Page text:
Current epidemiological profile and features of visceral leishmaniasis in people's republic of China
1 National Institute of Parasitic Diseases, Chinese Center for Disease Control and Prevention; the Key Laboratory of Parasite and Vector Biology of the Chinese Ministry of Health; WHO Collaborating Center for Malaria, Schistosomiasis and Filariasis, Shanghai 200025, People's Republic of China
2 Xinjiang Kizilsu Kirgiz Institute of Endemic disease prevention, Artux, 845350, People's Republic of China
Parasites & Vectors 2012, 5:31 doi:10.1186/1756-3305-5-31Published: 9 February 2012
Visceral leishmaniasis (VL) is still an important public health problem in China. In recent years endemic regions spread, prevalence increased, and even an outbreak of the disease occurred in China due to global warming and population movement. It is essential to elucidate the current epidemic situation and epidemiological characteristics of VL for designing control policy. In the present study we describe the current epidemiological profile and characteristics of VL in China based on retrospectively reviewing of VL cases reported between 2005 and 2010 by a passive surveillance system.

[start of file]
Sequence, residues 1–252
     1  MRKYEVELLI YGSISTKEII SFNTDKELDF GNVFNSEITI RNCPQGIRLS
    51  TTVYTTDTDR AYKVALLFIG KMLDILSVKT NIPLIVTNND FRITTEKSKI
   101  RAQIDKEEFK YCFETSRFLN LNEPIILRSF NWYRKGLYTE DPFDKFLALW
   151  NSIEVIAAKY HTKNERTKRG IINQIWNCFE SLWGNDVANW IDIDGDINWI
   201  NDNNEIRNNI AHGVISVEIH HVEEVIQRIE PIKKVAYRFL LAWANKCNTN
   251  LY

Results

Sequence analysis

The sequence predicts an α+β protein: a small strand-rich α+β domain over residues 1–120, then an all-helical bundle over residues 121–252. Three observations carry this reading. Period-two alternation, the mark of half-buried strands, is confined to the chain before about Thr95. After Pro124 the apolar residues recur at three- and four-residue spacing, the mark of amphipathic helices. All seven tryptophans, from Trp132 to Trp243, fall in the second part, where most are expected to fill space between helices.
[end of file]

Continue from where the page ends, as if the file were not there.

The present study was a retrospective review of VL cases notified between 2005 and 2010 based on the passive surveillance data. The data were tabulated, diagrammatized and analyzed through descriptive statistics in a Microsoft Excel spreadsheet.
A total of 2450 VL cases were notified, with a mean of 408 cases per year. 61 counties were identified as endemic area with 2224 autochthonous cases, and the other 118 counties as non-endemic areas with 226 imported cases. 97.71% of cases were concentrated in Xinjiang, Gansu and Sichuan Provinces. 9 major counties reported a mean of > 10 cases per year, with a total of 1759 cases reported. Different types of VL revealed distinct epidemiological characteristics.
The number of VL cases and endemic counties both increased in the period 2005-2010 in China. Different type or sub-type of VL revealed distinct epidemiological characteristics. Therefore, differential control measures must be taken in different endemic areas against incidence increase and endemic area spread.